Prominent Philippine figures
LATEST UPDATE: November 29, 2019 - 7:25am
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November 29, 2019

Google honors Filipina food scientist, war hero, and humanitarian María Ylagan Orosa with a doodle on what would have been her 126th birthday. Orosa is credited with over 700 recipes including the iconic local condiment banana ketchup.

"Born in the municipality of Taal within the Batangas province, Orosa went on to become an outstanding student, winning a partial government scholarship in 1916 to attend the University of Seattle. While living in a YMCA and working odd jobs, Orosa completed her bachelor’s and master’s degrees in pharmaceutical chemistry, as well as an additional degree in food chemistry," Google Doodle says.

"Orosa’s knowledge of chemistry led to numerous culinary innovations. For instance, by fitting a traditional earthenware pot with two sheets of metal, she invented the Palayok Oven, providing remote villages lacking access to electricity with a more effective means of cooking over an open fire."

"Although adobo and lumpia are synonymous with Filipino cuisine, Orosa’s banana ketchup is not far behind. Using mashed bananas as a base instead of tomatoes, she made the sauce a long-lasting hit. Two other inventions made her a war hero: Soyalac (a nutrient-rich drink derived from soya beans) and Darak (rice cookies packed with vitamin B-1, which could also prevent beriberi disease) saved countless lives during World War II."

June 19, 2019

Google celebrates Filipino author and physician José Rizal's 158th birthday with a doodle.

"Born in Calamba on this day in 1861, Rizal learned to read and write by age five and grew up to become a Filipino national hero," it says.

"Educated in Manila, Rizal traveled overseas to study philosophy and medicine at the University of Madrid, the University of Paris, and the University of Heidelberg. Inspired by his mother's failing eyesight, he trained under prominent European ophthalmologists Louis de Wecker and Otto Becker and became an accomplished eye surgeon."

Google adds that Rizal's passionate writings and selfless devotion inspired the Philippine nationalist movement.

"While living in Europe for a decade, he began publishing a series of works—including Noli Me Tangere (Touch Me Not) and El filibusterismo (The Reign of Greed)—that established him as a leading voice for reform in his homeland. His translation of Antonio De Morga’s 1609 Sucesos de las Islas Filipinas highlighted the achievements of Filipino society prior to Spanish colonization."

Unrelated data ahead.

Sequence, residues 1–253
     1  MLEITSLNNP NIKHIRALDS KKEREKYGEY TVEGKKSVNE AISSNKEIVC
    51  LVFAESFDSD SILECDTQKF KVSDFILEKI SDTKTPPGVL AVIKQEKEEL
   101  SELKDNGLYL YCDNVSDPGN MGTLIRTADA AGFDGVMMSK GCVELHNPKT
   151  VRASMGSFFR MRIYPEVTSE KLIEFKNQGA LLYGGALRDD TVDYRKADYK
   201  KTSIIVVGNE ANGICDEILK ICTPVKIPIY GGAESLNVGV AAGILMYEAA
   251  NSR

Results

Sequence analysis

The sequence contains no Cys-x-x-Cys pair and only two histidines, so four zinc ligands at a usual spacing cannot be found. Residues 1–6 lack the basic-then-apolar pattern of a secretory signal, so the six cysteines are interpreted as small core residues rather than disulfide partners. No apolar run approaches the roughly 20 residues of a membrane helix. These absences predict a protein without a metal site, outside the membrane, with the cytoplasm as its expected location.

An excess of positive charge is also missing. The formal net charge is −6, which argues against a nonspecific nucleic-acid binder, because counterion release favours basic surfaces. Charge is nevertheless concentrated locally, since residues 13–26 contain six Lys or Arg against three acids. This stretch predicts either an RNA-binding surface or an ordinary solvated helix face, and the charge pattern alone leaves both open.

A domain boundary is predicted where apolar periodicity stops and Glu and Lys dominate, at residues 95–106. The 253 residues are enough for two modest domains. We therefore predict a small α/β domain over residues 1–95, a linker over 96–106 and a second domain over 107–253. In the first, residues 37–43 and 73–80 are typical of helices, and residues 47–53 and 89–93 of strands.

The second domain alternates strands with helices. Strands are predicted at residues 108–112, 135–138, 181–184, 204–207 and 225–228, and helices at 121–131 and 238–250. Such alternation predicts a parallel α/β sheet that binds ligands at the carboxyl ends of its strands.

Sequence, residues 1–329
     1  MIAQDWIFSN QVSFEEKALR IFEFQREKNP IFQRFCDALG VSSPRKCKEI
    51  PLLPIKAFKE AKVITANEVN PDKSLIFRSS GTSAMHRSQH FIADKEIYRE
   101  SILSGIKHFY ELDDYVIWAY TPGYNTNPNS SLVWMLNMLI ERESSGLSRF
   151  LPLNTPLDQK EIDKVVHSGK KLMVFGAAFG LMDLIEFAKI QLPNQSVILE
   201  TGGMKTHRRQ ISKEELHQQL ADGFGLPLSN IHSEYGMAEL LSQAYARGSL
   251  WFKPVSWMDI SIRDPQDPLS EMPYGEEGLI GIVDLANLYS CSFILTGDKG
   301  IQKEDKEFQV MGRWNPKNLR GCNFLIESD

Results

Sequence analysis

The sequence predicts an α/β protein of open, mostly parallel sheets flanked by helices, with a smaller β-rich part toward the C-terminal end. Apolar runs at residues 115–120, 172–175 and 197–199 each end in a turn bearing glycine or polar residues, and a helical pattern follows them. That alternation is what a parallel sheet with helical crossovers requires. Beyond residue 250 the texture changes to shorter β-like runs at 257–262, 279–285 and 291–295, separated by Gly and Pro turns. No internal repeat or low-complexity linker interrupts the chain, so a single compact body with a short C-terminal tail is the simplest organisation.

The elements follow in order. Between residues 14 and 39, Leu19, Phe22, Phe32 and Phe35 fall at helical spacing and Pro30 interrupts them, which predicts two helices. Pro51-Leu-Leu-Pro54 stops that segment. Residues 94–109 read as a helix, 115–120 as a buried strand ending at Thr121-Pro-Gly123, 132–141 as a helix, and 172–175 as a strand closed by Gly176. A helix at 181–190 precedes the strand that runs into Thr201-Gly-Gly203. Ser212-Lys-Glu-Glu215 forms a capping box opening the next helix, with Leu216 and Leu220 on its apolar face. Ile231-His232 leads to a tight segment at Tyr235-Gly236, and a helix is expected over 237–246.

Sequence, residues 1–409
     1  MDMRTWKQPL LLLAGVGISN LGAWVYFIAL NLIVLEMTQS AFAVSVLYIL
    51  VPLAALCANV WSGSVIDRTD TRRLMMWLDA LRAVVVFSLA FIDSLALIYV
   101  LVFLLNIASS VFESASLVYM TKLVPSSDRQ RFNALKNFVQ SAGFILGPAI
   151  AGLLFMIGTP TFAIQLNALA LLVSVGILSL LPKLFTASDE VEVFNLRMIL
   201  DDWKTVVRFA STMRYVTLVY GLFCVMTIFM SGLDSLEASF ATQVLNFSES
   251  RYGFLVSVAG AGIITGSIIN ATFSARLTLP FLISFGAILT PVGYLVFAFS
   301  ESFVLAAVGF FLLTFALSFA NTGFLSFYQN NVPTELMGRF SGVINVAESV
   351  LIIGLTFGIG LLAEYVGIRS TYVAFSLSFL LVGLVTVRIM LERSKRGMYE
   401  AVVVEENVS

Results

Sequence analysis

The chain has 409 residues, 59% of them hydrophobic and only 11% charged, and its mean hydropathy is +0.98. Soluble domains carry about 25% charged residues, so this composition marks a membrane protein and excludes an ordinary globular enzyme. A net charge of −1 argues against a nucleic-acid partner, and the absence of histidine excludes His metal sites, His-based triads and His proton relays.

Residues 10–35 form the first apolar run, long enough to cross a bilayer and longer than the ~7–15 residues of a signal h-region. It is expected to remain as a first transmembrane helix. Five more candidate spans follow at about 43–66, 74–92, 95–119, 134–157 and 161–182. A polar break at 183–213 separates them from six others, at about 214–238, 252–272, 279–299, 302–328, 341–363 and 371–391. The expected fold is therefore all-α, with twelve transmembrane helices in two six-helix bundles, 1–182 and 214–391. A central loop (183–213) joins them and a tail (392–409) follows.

"A frequent contributor to La Solidaridad, a newspaper published in Barcelona, Rizal advocated for the Philippines to be integrated as a province of Spain, represented in the Spanish parliament, and for its citizens to be granted such basic rights as freedom of assembly and expression, and equality under the law."

November 27, 2018

Google honors Dr. Fe del Mundo, the Philippines' first national scientist, on her 107th birth anniversary with a signature doodle.

She was born in Manila on this day in 1911.

The doodle shows Del Mundo surrounded by nature while caring for a child. Also known as "The Angel of Santo Tomas," Del Mundo devoted her life to child healthcare and revolutionized pediatric medicine in the process.

Her studies led to the invention of the first incubator and jaundice-relieving device.

A gifted student who became the first woman admitted to Harvard Medical School, she returned to the Philippines after completing her studies in the US.

She set up a hospice during World War II where she treated more than 400 children and later became director of a government hospital.

Her frustrations with bureaucracy led her to sell her house and belongings to finance the first pediatric hospital in the Philippines, the Children's Medical Center which is now known as the Fe Del Mundo Medical Center.

She continued making early morning rounds in the hospital until she was 99 years old, even in a wheelchair.

April 30, 2018

Google honors National Artist for Music and Literature Levi Celerio on his 108th birthday. 

Born on April 30, 1910, in Tondo, Manila, Celerio got a scholarship at the Academy of Music in Manila, making it possible for him to join the Manila Symphony Orchestra. He was the orchestra's youngest member.

The prolific lyricist and composer created over 4,000 songs, whose appeal reached all social classes. 

His works include "Ang Pasko ay Sumapit," "Ikaw," and "Bakya Mo Neneng." He also translated and wrote anew the lyrics to traditional melodies such as "O Maliwanag Na Buwan" (Iloko), "Ako ay May Singsing" (Pampango), "Alibangbang" (Bisaya), among others.

A great number of his songs were written for local movies, which earned him the Lifetime Achievement Award from the Film Academy of the Philippines.

Celerio also made it to the Guinness Book of World Records as the only person able to make music using just a leaf.

He died on April 2, 2002, days before his 92nd birthday, a pauper. But his genius and legacy live on.

Google honors Francisco Balagtas with a doodle

Google honors Francisco Balagtas, one of the Philippines' greatest literary laureates, with a doodle on his 230th birthday. 

The doodle depicts scenes from Balagtas' most famous work—the epic poem "Florante at Laura"—that symbolizes his own life journey.

Balagtas was born in 1788 in Bigaa, Bulacan. The town of Bigaa was later on named Balagtas after the Filipino poet.

The son of a blacksmith, few might have guessed he would grow up to be among the country's most revered writers. Balagtas, however, showed potential and even studied under prominent Filipino poet José de la Cruz.

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